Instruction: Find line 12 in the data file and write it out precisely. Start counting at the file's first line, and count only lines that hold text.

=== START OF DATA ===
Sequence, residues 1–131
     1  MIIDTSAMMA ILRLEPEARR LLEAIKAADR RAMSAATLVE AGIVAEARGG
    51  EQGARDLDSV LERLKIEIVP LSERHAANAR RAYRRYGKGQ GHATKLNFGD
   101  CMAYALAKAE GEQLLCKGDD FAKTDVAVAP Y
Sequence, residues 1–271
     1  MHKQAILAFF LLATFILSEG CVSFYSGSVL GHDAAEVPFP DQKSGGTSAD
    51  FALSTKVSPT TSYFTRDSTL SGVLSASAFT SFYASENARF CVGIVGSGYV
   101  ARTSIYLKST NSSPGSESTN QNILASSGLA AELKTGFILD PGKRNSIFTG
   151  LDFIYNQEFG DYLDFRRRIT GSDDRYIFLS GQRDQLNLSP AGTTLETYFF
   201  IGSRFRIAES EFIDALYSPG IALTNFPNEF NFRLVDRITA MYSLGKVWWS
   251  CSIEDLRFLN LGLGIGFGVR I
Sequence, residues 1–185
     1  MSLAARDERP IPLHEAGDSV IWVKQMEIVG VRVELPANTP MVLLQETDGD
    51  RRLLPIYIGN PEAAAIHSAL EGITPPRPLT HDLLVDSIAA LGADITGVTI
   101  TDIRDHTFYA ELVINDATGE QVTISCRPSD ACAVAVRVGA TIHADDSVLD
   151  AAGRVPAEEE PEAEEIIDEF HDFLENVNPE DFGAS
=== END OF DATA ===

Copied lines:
Sequence, residues 1–185